Titanic Tomes: King-Sized Kollections

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by Marty Grosser

One of the earliest of my comic book memories was from mid-1971, when I received Marvel’s Creatures on the Loose! #11, featuring the alien statue monster, Moomba. Being a nine-year-old kid raised on Godzilla movies, Lost in Space, and Universal Monsters model kits, I thought this comic book was the greatest thing I had ever seen and read. And there were more like it!

I would soon learn that the man behind the look of Marvel’s giant monsters — beings with ludicrous names like Grottu, Googam, Spragg, Orrgo, Manoo and Fin Fang Foom — was a soft-spoken man from Brooklyn New York named Jack Kirby. Sorry! Jack “KING” Kirby. And he truly earned that royal nickname! Over his decades-spanning career, Jack Kirby drew over 20,000 pages of art and over 1,300 covers!

This month, as we celebrate our TITANIC TOMES theme, I thought it would be appropriate to showcase the larger-than-life works of the King in the next best thing to their original format: great big books!



A great place to start with Jack Kirby is with his monster story collaborations with Stan “The Man” Lee. For the ultimate Marvel Monster collections, you can’t go wrong with Monsters: The Marvel Monsterbus Vol. 1 HC (NOV160950) and Monsters: The Marvel Monsterbus Vol. 2 HC (FEB170967), each loaded with dozens of stories of giant monsters bent on conquest and destruction, and the mild-mannered nerds and scientists who defeated them with nothing but their intellects!

And to see the classic Lee/Kirby monster tales in all their pre-publication B&W glory, be sure to check out Jack Kirby’s Heroes and Monsters Artist’s Edition HC (FEB180485) published by IDW Publishing, with the cooperation of Marvel Comics. Kirby and many of his contemporaries worked on BIG art boards back in the fabulous ‘50s and swingin’ ‘60s, and this oversized Artist’s Edition hardcover presents the original artwork as it was created. And speaking of Artist’s Editions…


Because Jack Kirby was such a trailblazer in the comics field, as well as a role model for those who came after him, many creators have emulated the King’s style and used his great works as reference and inspiration for their own works.

A few years ago, as if in response to this very reason, IDW Publishing introduced the concept and format for their “Artist’s Edition” series of hardcovers. These oversized (really BIG!) books reproduce Kirby’s artwork from the actual original pages, and showcase his work from the classic Marvel Era in the Jack Kirby Fantastic Four Artist's Edition HC (SEP160482) and Jack Kirby Mighty Thor Artist's Edition HC (JAN160388); unseen work in The Prisoner by Kirby & Kane Original Art Edition HC (FEB181804); and his “Fourth World” tour de force in the Jack Kirby New Gods Artist's Edition HC (DEC130371), Jack Kirby Mister Miracle Artist's Edition HC (SEP140451), and the Jack Kirby Forever People Artist's Edition HC (DEC160605).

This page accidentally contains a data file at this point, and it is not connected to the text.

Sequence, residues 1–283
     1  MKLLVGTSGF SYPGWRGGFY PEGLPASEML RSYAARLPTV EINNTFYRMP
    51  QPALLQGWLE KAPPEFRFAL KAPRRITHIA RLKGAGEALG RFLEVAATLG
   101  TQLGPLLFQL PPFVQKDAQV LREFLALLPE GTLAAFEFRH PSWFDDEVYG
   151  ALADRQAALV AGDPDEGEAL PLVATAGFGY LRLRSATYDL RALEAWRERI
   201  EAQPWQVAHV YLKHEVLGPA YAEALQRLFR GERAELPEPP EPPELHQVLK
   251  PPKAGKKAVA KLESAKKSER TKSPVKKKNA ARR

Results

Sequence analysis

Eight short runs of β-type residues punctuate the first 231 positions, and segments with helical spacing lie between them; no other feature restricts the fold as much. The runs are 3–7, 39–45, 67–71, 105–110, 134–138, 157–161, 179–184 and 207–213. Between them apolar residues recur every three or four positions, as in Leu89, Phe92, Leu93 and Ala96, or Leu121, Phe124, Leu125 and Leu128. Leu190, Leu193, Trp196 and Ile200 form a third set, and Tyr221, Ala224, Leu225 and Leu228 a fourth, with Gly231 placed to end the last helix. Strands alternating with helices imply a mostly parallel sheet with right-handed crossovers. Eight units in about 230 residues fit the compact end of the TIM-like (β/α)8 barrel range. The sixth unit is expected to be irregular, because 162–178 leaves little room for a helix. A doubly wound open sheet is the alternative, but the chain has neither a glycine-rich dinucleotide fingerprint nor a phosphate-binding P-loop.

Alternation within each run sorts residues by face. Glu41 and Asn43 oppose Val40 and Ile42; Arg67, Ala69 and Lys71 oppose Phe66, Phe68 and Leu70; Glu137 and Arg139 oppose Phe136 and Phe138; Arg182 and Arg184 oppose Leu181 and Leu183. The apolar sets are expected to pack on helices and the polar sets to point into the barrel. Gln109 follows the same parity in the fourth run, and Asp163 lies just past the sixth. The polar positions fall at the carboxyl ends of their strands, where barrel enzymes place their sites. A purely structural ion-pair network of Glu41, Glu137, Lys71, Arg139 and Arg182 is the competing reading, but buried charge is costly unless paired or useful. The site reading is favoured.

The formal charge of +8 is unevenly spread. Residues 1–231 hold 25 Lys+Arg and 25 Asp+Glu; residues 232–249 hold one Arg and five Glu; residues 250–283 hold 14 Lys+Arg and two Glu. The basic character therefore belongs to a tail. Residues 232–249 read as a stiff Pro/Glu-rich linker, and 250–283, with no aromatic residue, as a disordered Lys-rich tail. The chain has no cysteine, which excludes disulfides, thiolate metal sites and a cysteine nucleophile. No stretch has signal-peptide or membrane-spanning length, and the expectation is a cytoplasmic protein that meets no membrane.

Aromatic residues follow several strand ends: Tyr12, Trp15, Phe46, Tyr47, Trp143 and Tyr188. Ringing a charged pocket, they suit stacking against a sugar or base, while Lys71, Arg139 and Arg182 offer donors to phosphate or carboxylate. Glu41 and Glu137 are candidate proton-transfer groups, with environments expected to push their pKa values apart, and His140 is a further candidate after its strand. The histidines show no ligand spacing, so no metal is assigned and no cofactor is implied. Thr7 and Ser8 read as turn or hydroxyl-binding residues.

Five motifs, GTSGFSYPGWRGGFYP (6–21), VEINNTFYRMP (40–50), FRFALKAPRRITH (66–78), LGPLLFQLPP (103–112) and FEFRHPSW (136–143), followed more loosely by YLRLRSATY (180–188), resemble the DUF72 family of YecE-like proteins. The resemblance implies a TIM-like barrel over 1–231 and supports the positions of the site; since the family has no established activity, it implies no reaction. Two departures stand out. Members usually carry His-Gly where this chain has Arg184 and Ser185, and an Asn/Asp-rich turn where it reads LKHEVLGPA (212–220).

There’s also my personal favorite Kirby works from his ’70s-era tenure at DC Comics, the post-apocalyptic adventure epic KAMANDI, collected in the Jack Kirby Kamandi Vol. 1 Artist's Edition HC (FEB150411) and Vol. 2 Artist's Edition HC (MAY160533). This is classic Kirby at his unleashed best!


Finally, for those of you who want a LOT of Kirby in one volume, for a fraction of the price you might pay for the originals (a route that leads to Pricey Town!), both Marvel and DC have collected some of the King’s best works in massive omnibus editions!

From Marvel Comics, there’s the Fantastic Four Vol. 1 Omnibus HC (MAR180972), collecting FF #1-30 & Annual #1; the Kirby is Fantastic King-Size HC (NOV181009) reprinting FF #4, #12, #25-26, #52-53, #66-67, #84-87 & Annual #6; the King-Size Kirby Slipcase HC (FEB150841), a massive, 13” x 20” slipcase volume reprinting 816 pages of Kirby comics from the Golden Age to the ‘70s; and The Marvel Legacy of Jack Kirby Slipcase HC (APR150904), a tribute to Jack Kirby featuring essays and articles about Kirby’s lasting impact on the House of Ideas.

Over at DC Comics, you can bolster your Kirby library with these great volumes: the Kamandi by Jack Kirby Omnibus HC (SEP170419) collecting issues #1-40; the New Gods by Jack Kirby TP (MAY180587), collecting issues #1-11, plus the 48-page story "Even Gods Must Die" from 1984 and the original 1985 graphic novel, The Hunger Dogs; and the DC Universe Bronze Age by Jack Kirby Omnibus HC (NOV180560) collecting all of Kirby’s non-Fourth World series and singles issues, including complete runs of The Demon #1-16, The Sandman #1-6, OMAC #1-8, and even the In the Days of the Mob and Spirit World graphic novels! THAT’S a lot of Kirby!



Without the contributions of Jack “King” Kirby, many of the characters, even the very genres in which they appear, would be startlingly different today. If I have moved even one reader to seek out the works of Jack Kirby, then my work here was worth it. Heck, it was worth it just to put it all down here. LONG LIVE THE KING! LONG MAY HE REIGN!


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